“Leadership Development Plan” sounds like HR mumbo-jumbo… cue employees groaning and hoping that they have a conflict with the scheduled training. In reality, this type of employee development can be a miraculous “cure for what ails you” when it comes to workplace problems. Leadership development, in its most basic form, sets a series of goals for your organization that can be accomplished by empowering employees to take ownership in their work. Wish your volunteers had better phone skills? Zap! Leadership development plan. Wish your managers knew how to give constructive criticism? Shazam! Leadership development plan. Wish your employees brought you ice cream sundaes and rubbed your feet? … That’s a little gross. Can’t help you there.
As with any employee development, leadership development plans begin by setting goals with stakeholders. Right away, your plan will probably take one of two forms. In type A, you will be grooming a specific set of employees to take on a greater ownership role in your company. This sort of leadership plan might follow a restructure or change in workflow. Or, it might be part of your routine management training.
Your leadership development plan could also be type B. Type B would involve leadership training to a large group of non-management employees. This type of leadership development would be aimed at improving overall employee performance by encouraging leadership qualities. For example, a type B goal might be to teach employees to better deliver unfortunate news to clients. Achieving this goal requires that employees adopt leadership qualities in their day-to-day jobs.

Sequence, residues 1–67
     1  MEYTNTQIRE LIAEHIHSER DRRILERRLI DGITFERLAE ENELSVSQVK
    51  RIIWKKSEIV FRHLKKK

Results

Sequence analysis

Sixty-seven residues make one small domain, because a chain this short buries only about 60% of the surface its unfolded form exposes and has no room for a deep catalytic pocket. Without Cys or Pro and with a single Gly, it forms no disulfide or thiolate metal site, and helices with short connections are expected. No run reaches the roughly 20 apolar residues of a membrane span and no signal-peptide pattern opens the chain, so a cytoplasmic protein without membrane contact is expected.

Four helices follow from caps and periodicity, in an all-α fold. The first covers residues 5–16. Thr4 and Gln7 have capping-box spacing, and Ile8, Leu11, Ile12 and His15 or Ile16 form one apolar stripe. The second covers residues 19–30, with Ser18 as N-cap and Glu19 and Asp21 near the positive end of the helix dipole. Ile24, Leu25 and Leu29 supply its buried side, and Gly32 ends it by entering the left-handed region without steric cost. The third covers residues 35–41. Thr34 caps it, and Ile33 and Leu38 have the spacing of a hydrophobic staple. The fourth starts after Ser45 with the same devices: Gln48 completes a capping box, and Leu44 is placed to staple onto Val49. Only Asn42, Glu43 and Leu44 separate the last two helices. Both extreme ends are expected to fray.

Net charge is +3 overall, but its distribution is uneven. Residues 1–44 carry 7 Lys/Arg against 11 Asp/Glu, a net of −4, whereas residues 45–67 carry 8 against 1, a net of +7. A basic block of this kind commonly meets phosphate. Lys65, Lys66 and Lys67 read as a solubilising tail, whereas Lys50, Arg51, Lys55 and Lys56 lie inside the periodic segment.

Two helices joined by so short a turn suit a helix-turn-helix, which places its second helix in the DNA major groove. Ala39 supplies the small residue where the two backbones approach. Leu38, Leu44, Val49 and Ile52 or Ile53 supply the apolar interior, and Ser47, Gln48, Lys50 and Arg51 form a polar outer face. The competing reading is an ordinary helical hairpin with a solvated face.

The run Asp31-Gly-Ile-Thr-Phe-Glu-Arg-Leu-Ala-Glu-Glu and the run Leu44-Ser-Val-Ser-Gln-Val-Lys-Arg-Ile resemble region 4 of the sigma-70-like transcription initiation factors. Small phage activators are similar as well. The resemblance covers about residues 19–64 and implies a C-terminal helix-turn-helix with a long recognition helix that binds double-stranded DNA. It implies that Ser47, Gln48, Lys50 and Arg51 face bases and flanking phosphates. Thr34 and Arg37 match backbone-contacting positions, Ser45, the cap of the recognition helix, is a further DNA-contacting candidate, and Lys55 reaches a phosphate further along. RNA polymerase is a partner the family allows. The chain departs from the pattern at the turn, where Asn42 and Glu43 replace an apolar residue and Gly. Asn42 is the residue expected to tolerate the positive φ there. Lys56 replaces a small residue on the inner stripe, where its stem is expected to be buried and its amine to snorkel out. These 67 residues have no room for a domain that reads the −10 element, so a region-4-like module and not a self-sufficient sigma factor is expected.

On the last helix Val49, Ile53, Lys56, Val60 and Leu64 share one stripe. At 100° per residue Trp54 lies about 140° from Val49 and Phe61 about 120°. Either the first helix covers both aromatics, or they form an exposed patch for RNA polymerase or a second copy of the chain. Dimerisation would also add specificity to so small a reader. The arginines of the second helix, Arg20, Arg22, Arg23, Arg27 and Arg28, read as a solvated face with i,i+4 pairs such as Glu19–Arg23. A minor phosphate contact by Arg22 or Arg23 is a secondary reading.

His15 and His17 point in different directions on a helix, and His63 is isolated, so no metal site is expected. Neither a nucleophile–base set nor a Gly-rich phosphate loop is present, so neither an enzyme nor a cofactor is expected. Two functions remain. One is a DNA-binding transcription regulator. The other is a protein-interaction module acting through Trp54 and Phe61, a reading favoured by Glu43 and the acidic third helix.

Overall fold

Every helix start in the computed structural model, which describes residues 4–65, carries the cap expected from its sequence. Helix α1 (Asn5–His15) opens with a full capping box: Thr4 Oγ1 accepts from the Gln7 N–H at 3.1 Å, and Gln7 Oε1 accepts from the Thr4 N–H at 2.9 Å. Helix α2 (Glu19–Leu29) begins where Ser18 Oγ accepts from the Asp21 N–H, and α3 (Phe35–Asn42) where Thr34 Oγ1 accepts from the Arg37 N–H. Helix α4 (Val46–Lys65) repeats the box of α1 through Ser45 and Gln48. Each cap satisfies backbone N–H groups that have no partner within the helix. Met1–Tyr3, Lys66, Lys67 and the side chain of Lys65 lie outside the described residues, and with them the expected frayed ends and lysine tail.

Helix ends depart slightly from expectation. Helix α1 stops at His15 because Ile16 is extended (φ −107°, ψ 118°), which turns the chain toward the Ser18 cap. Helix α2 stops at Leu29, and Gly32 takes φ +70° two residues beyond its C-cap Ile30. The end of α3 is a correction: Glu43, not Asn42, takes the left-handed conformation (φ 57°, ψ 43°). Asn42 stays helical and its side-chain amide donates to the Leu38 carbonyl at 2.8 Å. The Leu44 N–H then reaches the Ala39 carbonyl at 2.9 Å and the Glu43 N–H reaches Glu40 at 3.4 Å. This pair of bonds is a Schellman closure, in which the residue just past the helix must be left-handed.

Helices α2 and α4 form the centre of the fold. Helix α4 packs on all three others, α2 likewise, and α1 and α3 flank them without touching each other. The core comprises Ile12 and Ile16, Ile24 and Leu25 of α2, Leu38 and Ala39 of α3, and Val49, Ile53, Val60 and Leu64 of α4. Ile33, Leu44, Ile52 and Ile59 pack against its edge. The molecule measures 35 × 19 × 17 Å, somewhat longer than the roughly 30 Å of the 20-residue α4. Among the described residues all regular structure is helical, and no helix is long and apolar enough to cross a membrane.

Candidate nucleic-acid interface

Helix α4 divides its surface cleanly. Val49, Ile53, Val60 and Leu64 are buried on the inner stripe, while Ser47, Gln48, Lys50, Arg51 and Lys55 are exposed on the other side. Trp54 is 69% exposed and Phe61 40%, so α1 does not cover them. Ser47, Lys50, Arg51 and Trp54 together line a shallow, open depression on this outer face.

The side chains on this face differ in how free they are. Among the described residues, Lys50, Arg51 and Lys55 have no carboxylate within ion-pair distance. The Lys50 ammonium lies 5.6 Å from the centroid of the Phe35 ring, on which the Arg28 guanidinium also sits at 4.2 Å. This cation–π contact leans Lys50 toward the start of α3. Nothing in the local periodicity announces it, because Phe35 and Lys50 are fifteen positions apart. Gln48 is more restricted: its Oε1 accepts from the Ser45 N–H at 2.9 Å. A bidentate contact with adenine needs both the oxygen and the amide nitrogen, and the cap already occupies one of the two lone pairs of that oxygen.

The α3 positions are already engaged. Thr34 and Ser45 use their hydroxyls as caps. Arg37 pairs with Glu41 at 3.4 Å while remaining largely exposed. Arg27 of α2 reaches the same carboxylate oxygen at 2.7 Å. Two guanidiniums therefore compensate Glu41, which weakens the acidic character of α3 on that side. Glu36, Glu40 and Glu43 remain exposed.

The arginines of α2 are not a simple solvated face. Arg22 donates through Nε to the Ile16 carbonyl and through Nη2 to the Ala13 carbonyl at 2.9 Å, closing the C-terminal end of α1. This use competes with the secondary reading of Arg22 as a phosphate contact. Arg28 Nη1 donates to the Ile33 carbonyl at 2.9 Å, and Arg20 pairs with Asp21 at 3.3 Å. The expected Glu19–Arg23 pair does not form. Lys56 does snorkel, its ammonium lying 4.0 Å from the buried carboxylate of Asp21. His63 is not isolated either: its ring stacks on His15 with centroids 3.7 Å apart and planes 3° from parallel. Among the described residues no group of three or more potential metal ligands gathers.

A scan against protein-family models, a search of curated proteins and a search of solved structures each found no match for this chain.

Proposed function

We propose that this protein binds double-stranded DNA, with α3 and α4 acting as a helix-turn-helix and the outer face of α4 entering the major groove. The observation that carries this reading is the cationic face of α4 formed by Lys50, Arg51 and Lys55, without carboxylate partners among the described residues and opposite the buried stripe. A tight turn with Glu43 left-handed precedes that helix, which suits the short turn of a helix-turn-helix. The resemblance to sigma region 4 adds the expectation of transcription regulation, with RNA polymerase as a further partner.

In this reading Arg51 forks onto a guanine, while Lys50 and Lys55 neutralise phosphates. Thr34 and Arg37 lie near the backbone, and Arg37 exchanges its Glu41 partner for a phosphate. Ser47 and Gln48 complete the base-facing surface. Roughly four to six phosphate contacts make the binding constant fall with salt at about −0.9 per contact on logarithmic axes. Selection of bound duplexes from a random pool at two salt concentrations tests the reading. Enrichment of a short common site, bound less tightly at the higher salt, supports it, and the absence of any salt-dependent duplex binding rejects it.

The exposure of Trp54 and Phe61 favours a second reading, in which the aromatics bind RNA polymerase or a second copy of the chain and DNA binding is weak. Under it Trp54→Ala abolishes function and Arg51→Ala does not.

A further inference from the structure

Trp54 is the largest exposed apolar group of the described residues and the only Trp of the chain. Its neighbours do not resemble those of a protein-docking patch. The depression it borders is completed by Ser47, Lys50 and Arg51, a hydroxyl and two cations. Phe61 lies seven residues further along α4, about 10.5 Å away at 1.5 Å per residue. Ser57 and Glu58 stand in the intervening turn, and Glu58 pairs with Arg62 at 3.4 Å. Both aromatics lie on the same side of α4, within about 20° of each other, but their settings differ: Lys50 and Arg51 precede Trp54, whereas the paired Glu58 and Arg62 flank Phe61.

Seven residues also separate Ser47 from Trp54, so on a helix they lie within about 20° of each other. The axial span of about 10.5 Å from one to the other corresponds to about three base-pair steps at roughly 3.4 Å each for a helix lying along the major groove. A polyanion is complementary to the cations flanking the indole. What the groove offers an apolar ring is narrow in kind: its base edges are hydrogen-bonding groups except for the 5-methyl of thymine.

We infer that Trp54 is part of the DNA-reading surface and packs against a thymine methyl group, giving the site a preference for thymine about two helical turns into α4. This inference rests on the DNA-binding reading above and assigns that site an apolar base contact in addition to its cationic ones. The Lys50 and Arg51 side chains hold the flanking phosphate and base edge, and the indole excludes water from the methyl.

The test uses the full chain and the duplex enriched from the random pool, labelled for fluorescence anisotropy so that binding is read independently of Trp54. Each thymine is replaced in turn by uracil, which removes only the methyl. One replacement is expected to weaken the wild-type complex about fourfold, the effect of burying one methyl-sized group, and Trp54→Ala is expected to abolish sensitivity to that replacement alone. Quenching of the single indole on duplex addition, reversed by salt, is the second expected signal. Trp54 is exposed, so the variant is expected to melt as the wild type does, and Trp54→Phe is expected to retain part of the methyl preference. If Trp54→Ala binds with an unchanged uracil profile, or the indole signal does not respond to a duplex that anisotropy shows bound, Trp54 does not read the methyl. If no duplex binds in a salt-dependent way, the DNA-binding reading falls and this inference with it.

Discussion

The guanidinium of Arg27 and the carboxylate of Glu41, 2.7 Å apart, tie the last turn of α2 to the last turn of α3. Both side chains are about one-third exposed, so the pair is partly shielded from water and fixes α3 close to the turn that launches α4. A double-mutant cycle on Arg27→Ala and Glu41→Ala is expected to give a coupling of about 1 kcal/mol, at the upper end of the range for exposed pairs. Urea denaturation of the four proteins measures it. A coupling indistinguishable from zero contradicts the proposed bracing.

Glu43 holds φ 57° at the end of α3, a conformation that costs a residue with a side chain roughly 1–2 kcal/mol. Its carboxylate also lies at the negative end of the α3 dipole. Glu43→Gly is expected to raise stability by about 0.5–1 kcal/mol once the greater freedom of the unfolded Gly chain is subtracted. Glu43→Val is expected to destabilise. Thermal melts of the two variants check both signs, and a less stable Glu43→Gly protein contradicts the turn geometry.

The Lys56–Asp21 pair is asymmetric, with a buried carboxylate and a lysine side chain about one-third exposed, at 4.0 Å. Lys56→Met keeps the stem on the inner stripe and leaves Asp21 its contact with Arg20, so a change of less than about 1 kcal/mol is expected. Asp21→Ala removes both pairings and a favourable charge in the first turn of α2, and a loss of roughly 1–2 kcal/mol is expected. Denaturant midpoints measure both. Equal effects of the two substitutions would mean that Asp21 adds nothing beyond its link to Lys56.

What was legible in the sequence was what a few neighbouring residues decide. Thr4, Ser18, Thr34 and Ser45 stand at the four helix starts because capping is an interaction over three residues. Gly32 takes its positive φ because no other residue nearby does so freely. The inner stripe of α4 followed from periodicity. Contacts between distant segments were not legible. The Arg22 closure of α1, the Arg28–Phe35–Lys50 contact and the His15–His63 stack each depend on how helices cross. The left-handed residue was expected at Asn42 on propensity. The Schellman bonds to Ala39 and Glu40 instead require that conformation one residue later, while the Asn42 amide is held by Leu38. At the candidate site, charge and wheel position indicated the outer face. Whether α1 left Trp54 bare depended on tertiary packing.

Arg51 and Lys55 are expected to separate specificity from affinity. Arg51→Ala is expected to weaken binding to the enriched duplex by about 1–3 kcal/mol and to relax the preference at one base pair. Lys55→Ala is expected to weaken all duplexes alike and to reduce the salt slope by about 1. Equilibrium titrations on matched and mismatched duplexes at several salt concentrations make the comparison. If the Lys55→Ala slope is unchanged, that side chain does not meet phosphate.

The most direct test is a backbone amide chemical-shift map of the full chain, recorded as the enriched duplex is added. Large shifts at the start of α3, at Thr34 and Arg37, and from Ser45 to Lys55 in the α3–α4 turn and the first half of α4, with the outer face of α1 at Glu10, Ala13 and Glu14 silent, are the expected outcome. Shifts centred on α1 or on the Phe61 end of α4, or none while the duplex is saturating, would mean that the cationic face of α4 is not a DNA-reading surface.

The development of both types of leadership plans is very similar. It is important to begin by inviting stakeholders to your meetings about employee development. For type A, invite the group of individuals you want to train. For type B, invite select employees from the group that you want to train. Learn more about why this is important here. In short, doing so is both considerate and valuable.
The leadership plans themselves will include 3 main components: goals, activities, and timelines. These are the same components of any good employee development. The defining characteristic of a leadership development plan is the activity. The activity will involve teaching employees a new skill or perspective. Good activities involve active participation, flyers/handouts for employees to keep for reference, and interesting leaders. The best leadership training is to watch a great leader in action! The folks performing your training should be the kind of people you would want to hire, and they should empower your employees in fun and innovative ways.
Head over here for some great examples of leadership development activities, and get your plan started today!
How do you incorporate leadership into your employee development plan? Share your success stories and questions below!
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